Walter Jones' war: Why lawmaker is challenging Obama on Libya
U.S. Rep. Walter Jones, R-North Carolina, regrets voting to authorize the 2003 invasion of Iraq.
June 21st, 2011
03:50 PM ET

Walter Jones' war: Why lawmaker is challenging Obama on Libya

U.S. lawmakers are split over President Barack Obama's decision to take military action in Libya without getting congressional approval. Some of them are threatening to cut off funding for America's participation in NATO's bombing campaign.

That prospect has lit a fire of its own.

"The president did a lousy job of communicating and managing our involvement in Libya, but I will be no part of an effort to defund Libya or to try to cut off our efforts to bring (Libyan leader Moammar) Gadhafi down," U.S. Sen. Lindsay Graham, R-South Carolina, said on NBC's "Meet the Press" on Sunday.

You can question the motivation of some lawmakers who are attacking Obama for the U.S. bombing of Libya.

For instance, House Speaker John Boehner, R-Ohio, in 1995 voted to repeal the 1973 War Powers Resolution, the law that requires the president to get congressional approval for sending U.S. forces to war.  In 1999, Boehner called the resolution "constitutionally suspect." Now, Boehner is arguing Obama violated it with his actions in Libya.

But it's not so easy to question the motivations of U.S. Rep. Walter Jones of North Carolina.

Well, you can: It's a free country, and he'd probably welcome it. But you're better off spending your time some other way.

He's a Republican, yes. He's a conservative, yes. But mostly, he's driven - not to go after a Democratic president, but to pursue the beliefs that got burned into him with the war in Iraq.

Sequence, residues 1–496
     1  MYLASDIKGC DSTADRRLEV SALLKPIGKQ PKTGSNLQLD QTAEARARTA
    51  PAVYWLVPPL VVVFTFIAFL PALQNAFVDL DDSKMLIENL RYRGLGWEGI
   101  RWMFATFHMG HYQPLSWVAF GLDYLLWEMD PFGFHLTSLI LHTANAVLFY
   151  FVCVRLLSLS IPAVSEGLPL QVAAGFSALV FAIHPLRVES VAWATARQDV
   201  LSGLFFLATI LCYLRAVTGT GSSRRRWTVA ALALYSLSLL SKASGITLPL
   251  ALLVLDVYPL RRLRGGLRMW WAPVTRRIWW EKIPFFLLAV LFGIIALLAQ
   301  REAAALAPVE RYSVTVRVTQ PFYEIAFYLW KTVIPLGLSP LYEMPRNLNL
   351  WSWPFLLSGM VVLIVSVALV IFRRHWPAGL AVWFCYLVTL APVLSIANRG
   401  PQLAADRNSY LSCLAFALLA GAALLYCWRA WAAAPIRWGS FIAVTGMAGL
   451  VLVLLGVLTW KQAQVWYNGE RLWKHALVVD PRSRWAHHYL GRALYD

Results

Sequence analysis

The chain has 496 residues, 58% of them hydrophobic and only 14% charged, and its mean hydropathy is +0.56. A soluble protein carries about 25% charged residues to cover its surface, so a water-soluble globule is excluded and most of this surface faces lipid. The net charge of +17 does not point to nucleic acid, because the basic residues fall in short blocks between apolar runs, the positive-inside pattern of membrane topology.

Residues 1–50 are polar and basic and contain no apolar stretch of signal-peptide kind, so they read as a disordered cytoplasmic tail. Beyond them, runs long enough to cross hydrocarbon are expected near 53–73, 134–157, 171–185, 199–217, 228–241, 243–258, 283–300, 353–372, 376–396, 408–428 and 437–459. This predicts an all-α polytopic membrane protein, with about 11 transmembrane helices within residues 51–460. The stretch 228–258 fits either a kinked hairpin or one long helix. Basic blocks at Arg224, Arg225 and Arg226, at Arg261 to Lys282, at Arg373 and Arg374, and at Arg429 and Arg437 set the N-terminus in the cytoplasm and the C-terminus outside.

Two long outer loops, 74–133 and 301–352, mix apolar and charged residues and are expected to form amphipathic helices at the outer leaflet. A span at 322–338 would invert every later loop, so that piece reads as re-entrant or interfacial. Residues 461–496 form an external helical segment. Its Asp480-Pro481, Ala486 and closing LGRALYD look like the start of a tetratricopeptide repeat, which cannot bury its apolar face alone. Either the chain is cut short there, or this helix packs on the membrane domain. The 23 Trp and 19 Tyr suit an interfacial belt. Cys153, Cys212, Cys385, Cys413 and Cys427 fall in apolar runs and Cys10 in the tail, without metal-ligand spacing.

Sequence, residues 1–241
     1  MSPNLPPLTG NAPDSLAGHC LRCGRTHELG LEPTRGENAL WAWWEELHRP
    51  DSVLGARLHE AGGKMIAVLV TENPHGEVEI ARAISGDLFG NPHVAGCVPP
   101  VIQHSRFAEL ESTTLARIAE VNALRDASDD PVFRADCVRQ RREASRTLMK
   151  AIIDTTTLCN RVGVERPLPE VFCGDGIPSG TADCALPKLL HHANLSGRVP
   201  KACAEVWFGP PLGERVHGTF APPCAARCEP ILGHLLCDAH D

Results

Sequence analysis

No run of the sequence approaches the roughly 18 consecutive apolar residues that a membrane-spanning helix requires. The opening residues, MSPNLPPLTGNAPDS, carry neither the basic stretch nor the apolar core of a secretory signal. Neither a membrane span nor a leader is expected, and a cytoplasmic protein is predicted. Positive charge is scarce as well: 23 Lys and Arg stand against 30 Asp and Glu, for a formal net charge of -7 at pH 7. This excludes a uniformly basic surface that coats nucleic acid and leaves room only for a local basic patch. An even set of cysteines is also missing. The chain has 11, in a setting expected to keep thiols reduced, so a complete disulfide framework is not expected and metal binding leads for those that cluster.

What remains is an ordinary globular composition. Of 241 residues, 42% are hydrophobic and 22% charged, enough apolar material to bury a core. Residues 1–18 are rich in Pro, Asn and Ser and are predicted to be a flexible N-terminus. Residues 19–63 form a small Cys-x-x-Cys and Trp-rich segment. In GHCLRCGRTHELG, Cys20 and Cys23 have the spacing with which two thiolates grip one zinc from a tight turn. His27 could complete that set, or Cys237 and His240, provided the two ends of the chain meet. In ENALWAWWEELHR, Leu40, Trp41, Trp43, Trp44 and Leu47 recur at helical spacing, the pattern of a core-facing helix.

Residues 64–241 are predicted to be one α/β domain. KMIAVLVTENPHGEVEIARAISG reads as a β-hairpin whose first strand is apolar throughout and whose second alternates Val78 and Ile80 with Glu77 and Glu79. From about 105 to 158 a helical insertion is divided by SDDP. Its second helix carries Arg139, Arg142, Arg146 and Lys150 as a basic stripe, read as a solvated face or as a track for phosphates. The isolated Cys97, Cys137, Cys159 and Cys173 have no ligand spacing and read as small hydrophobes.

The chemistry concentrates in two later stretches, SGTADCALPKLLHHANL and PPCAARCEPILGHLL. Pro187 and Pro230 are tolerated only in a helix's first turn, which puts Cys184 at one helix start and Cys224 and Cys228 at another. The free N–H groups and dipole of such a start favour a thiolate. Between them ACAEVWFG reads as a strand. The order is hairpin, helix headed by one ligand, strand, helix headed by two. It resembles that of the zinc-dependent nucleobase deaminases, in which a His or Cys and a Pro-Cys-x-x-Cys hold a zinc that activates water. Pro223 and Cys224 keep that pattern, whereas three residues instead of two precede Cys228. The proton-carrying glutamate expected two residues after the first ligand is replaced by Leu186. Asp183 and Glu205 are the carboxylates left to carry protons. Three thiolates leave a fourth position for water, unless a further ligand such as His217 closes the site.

Click the audio player to hear this story from CNN Radio's Libby Lewis:

CNN spoke with him at his office recently on Capitol Hill.

"I take war very seriously. I've not been to war," Jones said.

Jones has been in Congress for 17 years. He knows Obama is hardly the first president to argue the War Powers Resolution doesn't apply here. Think of Grenada. Somalia. Kosovo. The Iraq surge. Afghanistan.

"No, but I really think this has been building over the last 35 years, and this is the icing on the cake," Jones said. "This just - this did it.”

He and nine other lawmakers, including a couple of Democrats, sued the president. They want a judge to order him to stop U.S. military actions in Libya.

If history holds, they don’t have much of a chance. So far, every attempt by lawmakers to challenge the president in court over the War Powers Resolution has failed.

Jones is choosing not to look at history.

The constitution gives the president broad powers to go to war. It gives Congress the power to declare wars – and to fund them. But there’s a lot of grey in between.

In 1973, Congress passed the War Powers Resolution to prevent another Vietnam War, in which three presidents committed U.S. troops without getting Congress' approval.